“Full Dark, No Stars,” the new collection from Stephen King, contains four sturdy, stomach- turning tales: a killing haunts a family, a rape survivor takes revenge, a sick man makes a deal with the devil and a killer lives quietly in our midst.
Taken by themselves, these don’t sound terribly original. But when you consider them together, you realize that the stories are less about Horrific Deeds than the more interesting Getting Away With Horrific Deeds.
That revelation won’t spoil the fun, because King, not one to leave any possibility unexplored, revels in the many ways the best laid plans of monsters and men often go awry.
King can write endless, entertaining and often pointless novels that engage the reader until the final disappointing page. His short fiction -- including “Different Seasons,” “Night Shift” and now “Full Dark” -- jams the same dose of terror and gore into a smaller package that far outshines his longer work.
In the opening tale, “1922,” a farmer in Nebraska kills his wife over a piece of land, with the help of their son. (Readers of “The Stand” will recognize the setting.) As the son’s life unravels, the father’s mind grows more unhinged.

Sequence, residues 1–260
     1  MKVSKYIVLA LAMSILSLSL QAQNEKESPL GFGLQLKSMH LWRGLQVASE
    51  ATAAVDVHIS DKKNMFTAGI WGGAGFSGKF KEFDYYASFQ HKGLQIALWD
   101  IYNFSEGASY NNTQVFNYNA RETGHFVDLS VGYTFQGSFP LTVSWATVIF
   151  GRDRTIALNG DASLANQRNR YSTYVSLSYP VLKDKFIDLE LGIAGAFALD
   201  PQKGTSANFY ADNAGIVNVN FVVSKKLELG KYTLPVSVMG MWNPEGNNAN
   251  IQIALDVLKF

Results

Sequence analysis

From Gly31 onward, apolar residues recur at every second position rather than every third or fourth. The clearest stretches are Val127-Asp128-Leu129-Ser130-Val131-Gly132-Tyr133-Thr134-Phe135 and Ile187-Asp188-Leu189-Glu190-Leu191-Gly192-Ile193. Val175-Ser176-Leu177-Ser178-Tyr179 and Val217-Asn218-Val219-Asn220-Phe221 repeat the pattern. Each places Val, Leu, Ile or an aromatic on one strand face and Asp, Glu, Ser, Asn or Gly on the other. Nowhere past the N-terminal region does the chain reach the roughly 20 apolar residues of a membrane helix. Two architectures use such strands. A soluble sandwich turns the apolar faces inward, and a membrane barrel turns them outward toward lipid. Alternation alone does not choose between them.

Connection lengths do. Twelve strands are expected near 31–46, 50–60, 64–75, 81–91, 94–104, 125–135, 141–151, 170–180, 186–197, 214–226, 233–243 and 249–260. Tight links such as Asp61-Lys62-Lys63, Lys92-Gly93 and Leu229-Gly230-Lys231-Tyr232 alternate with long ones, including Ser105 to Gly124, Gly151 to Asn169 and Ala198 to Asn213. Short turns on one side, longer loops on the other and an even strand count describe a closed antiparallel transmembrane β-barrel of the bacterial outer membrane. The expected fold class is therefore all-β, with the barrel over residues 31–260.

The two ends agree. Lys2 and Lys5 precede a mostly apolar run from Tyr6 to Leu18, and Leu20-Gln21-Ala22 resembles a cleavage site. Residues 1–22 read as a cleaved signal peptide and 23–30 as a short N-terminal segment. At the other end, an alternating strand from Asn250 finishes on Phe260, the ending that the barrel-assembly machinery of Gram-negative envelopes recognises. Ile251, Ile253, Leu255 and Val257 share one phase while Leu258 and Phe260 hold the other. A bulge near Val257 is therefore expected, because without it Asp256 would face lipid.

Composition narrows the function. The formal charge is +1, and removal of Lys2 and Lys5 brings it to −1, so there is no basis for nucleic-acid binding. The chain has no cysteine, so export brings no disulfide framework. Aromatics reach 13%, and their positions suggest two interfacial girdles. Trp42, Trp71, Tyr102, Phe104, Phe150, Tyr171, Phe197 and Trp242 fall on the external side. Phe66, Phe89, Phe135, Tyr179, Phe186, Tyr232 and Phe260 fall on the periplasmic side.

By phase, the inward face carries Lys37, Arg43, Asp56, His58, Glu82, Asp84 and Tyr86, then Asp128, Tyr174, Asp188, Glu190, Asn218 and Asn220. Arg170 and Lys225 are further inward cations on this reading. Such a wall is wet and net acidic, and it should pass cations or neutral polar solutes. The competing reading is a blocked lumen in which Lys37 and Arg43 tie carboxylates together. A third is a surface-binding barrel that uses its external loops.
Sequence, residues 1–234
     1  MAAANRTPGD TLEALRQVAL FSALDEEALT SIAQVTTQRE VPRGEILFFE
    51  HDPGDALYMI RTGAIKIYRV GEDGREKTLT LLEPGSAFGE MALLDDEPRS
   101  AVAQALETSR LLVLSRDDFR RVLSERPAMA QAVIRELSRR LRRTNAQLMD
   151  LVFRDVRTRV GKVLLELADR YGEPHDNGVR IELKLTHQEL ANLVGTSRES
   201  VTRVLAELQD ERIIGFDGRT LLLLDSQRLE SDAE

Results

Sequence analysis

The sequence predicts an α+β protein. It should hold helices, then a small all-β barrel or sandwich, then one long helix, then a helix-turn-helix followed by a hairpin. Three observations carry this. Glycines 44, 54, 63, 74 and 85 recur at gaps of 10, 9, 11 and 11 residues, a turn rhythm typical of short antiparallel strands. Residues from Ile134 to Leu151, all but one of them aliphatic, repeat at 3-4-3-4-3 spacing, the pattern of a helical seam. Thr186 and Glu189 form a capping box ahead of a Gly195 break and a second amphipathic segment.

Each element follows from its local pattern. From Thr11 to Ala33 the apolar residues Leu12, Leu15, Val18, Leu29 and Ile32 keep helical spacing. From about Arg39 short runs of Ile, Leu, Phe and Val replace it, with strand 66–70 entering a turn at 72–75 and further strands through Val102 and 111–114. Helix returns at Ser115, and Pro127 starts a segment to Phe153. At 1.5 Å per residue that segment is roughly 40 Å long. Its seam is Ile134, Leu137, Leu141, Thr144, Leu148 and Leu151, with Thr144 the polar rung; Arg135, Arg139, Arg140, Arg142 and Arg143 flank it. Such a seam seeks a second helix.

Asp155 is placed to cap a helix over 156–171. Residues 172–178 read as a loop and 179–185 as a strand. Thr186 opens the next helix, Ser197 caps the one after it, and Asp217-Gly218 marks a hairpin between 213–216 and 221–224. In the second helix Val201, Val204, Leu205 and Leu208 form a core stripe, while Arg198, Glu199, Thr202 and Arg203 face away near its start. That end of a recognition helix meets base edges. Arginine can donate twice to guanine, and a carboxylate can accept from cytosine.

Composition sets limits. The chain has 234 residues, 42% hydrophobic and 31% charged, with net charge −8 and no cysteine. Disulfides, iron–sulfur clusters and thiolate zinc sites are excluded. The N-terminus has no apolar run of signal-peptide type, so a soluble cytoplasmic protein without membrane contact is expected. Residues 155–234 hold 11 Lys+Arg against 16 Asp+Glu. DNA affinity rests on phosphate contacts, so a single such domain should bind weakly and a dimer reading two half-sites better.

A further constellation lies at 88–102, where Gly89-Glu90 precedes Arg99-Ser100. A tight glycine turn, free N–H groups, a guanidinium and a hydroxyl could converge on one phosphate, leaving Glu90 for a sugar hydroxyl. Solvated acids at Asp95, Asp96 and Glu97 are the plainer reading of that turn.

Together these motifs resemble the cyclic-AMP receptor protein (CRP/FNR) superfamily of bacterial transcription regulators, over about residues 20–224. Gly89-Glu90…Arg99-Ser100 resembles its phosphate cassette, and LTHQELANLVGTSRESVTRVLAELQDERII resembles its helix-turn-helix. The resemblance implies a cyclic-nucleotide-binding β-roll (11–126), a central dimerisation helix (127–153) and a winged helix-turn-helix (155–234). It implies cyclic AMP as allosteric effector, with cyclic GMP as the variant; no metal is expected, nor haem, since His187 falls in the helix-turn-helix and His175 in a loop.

In the second story, “Big Driver,” a complacent author of mediocre cozy mysteries endures a terrible assault and transforms into a hard-boiled, score-settling killer.
“How many unsuspected selves could a person have, hiding deep inside?” King writes. “She was beginning to think the number might be infinite.”
“Fair Extension,” the third story, is the shortest and best thing here. A deathly ill man cuts a deal with a roadside salesman in exchange for a couple more decades of life. The terms are as unexpected as the consequences are cringe-inducing. To say more about this existential gem would be too much.
The final entry, “A Good Marriage,” begins with an offhand laundry list of matrimonial moments big and small that’s lyrically precise and pitch-perfect in its banality. This is balanced with a steady drip of corrosive revelations that erode the pleasant illusion. King, a master of the ordinary, marshals each detail to make the big, gruesome reveal (based in part on an actual story) that much more of a punch in the throat.
King writes these stories in his usual effortless prose, rambling through a world of farms and suburbs and tumbledown shacks, putting, as he says in the afterword, “ordinary people in extraordinary situations.” The detritus of pop culture and daily life accumulate within his protagonists’ brains until, at the moment of crisis, King rattles them around like a toddler shaking a snow-globe.
(Andrew Dunn writes for Bloomberg News. The opinions expressed are his own.)
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